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Brown v. Bruns

United States District Court, Eighth Circuit

December 2, 2013

IRA BROWN, Plaintiff,
v.
PHYLLIS BRUNS, ERIC ANDER, and U.S.P.S., Defendants.

MEMORANDUM AND ORDER

RICHARD G. KOPF, Senior District Judge.

Plaintiff filed his Complaint in this matter on October 17, 2013. (Filing No. 1.) Plaintiff has previously been given leave to proceed in forma pauperis. (Filing No. 5.) Plaintiff has also filed a Supplement to his Complaint.[1] (Filing No. 6.) The court now conducts an initial review of the Complaint to determine whether summary dismissal is appropriate under 28 U.S.C. § 1915(e)(2).

I. SUMMARY OF COMPLAINT

Plaintiff filed his Complaint in this matter against his former employer, the United States Postal Service ("USPS"), and two individual USPS managers. (Filing No. 1 at CM/ECF p. 1.) Plaintiff currently resides in Omaha, Nebraska. ( Id. at CM/ECF p. 1; Docket Sheet.)

Condensed and summarized, Plaintiff alleges he sustained a work-related injury on December 19, 2012. (Filing No. 1. at CM/ECF p. 2.) After undergoing physical therapy, Plaintiff was able to return to light-duty work. ( Id. ) However, Plaintiff's managers began to "harass[, ] bully[, ] and terrorize" him. ( Id. at CM/ECF pp. 2-3.) Ultimately, Plaintiff was "punitively" terminated on the basis of his injury and his race. ( Id. at CM/ECF pp. 2-3, 6; Filing No. 6.) Plaintiff also mentions that an "internal E.E.O. mediation" regarding this matter ended without a resolution. (Filing No. 1 at CM/ECF p. 5.) Plaintiff seeks $12 million in monetary damages and a "career employment job." ( Id. )

II. APPLICABLE LEGAL STANDARDS ON INITIAL REVIEW

The court is required to review in forma pauperis complaints to determine whether summary dismissal is appropriate. See 28 U.S.C. § 1915(e). The court must dismiss a complaint or any portion thereof that states a frivolous or malicious claim, that fails to state a claim upon which relief may be granted, or that seeks monetary relief from a defendant who is immune from such relief. 28 U.S.C. § 1915(e)(2)(B).

A pro se plaintiff must set forth enough factual allegations to "nudge[] their claims across the line from conceivable to plausible, " or "their complaint must be dismissed" for failing to state a claim upon which relief can be granted. Bell Atlantic Corp. v. Twombly, 550 U.S. 544, 569-70 (2007); see also Ashcroft v. Iqbal, 129 S.Ct. 1937, 1950 (2009) ("A claim has facial plausibility when the plaintiff pleads factual content that allows the court to draw the reasonable inference that the defendant is liable for the misconduct alleged."). Regardless of whether a plaintiff is represented or is appearing pro se, the plaintiff's complaint must allege specific facts sufficient to state a claim. See Martin v. Sargent, 780 F.2d 1334, 1337 (8th Cir. 1985). However, a pro se plaintiff's allegations must be construed liberally. Burke v. North Dakota Dep't of Corr. & Rehab., 294 F.3d 1043, 1043-44 (8th Cir. 2002) (citations omitted).

III. DISCUSSION OF CLAIMS

Liberally construed, Plaintiff asserts three claims: (1) he was discriminated against in violation of the Rehabilitation Act of 1973, 29 U.S.C. § 794 ("Rehabilitation Act"), (2) he was terminated on the basis of his race in violation of Title VII of the Civil Rights Act of 1964 ("Title VII"), and (3) breach of contract under the Postal Reorganization Act, 39 U.S.C. § 1208(b) ("PRA"). The court will explore each claim below.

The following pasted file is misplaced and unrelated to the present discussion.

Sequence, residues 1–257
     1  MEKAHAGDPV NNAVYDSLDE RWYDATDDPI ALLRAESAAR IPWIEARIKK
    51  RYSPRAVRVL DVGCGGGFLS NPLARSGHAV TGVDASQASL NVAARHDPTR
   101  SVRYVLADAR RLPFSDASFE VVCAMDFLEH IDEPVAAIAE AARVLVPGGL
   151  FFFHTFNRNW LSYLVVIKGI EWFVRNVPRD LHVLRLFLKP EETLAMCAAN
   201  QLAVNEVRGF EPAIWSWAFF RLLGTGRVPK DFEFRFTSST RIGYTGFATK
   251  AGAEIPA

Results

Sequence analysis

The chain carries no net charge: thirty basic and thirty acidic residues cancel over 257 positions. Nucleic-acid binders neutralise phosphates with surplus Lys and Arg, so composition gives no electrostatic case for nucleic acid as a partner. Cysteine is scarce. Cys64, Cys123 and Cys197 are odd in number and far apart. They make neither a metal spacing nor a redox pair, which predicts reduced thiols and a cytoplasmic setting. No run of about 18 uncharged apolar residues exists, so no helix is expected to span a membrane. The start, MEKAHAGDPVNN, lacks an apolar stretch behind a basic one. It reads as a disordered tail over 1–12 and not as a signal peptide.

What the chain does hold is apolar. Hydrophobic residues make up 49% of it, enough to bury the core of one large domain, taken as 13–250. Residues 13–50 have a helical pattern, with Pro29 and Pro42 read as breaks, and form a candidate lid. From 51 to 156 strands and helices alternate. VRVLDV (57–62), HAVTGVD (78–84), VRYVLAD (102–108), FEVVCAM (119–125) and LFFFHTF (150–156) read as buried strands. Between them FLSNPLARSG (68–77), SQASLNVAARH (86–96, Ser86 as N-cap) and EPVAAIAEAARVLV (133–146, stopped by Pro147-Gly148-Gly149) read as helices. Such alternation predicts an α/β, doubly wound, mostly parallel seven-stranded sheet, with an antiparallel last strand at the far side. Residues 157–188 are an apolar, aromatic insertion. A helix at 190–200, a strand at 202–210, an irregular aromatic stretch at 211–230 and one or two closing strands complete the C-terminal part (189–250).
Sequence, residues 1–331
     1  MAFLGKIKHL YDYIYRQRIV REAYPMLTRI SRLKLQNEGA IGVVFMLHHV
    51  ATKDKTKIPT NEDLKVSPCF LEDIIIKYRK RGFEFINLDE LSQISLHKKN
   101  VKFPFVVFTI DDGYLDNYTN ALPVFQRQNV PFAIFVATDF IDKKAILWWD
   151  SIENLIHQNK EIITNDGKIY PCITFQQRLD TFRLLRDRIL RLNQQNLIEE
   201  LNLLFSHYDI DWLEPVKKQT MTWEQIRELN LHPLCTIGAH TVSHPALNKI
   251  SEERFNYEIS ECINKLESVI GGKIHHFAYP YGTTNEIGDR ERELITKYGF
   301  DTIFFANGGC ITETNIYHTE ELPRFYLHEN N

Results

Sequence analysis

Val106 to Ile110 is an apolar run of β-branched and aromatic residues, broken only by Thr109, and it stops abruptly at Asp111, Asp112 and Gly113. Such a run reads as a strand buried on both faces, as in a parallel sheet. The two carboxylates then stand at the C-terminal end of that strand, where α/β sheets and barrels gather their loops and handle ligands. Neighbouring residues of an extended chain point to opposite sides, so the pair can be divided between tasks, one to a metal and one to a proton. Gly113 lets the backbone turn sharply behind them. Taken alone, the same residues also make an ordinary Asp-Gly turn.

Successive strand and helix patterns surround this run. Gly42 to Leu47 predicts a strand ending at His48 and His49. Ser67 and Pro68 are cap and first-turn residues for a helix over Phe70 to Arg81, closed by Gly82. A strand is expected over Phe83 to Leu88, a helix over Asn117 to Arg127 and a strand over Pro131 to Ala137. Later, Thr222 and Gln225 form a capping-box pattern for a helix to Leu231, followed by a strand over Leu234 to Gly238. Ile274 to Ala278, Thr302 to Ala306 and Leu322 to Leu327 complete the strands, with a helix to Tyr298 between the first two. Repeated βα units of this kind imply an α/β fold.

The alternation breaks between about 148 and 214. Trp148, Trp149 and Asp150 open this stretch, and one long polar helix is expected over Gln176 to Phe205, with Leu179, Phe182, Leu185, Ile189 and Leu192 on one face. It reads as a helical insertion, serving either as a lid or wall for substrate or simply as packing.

1. Rehabilitation Act

The Rehabilitation Act provides, "No otherwise qualified individual with a disability... shall, solely by reason of her or his disability, ... be subjected to discrimination... under any program or activity conducted by... the United States Postal Service." 29 U.S.C. § 794(a). To establish a Rehabilitation Act claim against the Postal Service, Plaintiff needs to show that "he was disabled, was otherwise qualified, and was the victim of discrimination solely because of his disability." Peebles v. Potter, 354 F.3d 761, 765 (8th Cir. 2004) (internal quotation marks omitted). Section 705 of the Rehabilitation Act defines disability as a physical or mental impairment that substantially limits one or more of the major life activities of such individual; a record of such impairment; or being regarded as having such an impairment. 29 U.S.C. § 705(9)(B) (incorporating 42 U.S.C.A. § 12102); Berkey v. Henderson, 120 F.Supp.2d 1189, 1191-92 (S. D. Iowa 2000).

Here, Plaintiff alleges he sustained a work-related injury on December 19, 2012. (Filing No. 1. at CM/ECF p. 2.) After undergoing physical therapy, Plaintiff was able to return to light-duty work. ( Id. ) However, Plaintiff's managers began to "harass[, ] bully[, ] and terrorize" him. ( Id. at CM/ECF pp. 2-3.) Ultimately, Plaintiff was "punitively" terminated based on perceived restrictions resulting from his work-related injury. ( Id.; Filing No. 6.) Liberally construed, Plaintiff has alleged enough to nudge his Rehabilitation Act claim across the line from conceivable to plausible. However, the court cautions Plaintiff that this is only a preliminary ...


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